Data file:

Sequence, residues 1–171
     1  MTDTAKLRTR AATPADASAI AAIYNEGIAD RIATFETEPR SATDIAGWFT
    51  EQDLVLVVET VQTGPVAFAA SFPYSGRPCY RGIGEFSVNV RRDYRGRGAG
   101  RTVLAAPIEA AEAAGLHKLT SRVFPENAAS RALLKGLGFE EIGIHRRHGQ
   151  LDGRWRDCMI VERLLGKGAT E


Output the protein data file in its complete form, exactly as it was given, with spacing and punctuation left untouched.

Sequence, residues 1–171
     1  MTDTAKLRTR AATPADASAI AAIYNEGIAD RIATFETEPR SATDIAGWFT
    51  EQDLVLVVET VQTGPVAFAA SFPYSGRPCY RGIGEFSVNV RRDYRGRGAG
   101  RTVLAAPIEA AEAAGLHKLT SRVFPENAAS RALLKGLGFE EIGIHRRHGQ
   151  LDGRWRDCMI VERLLGKGAT E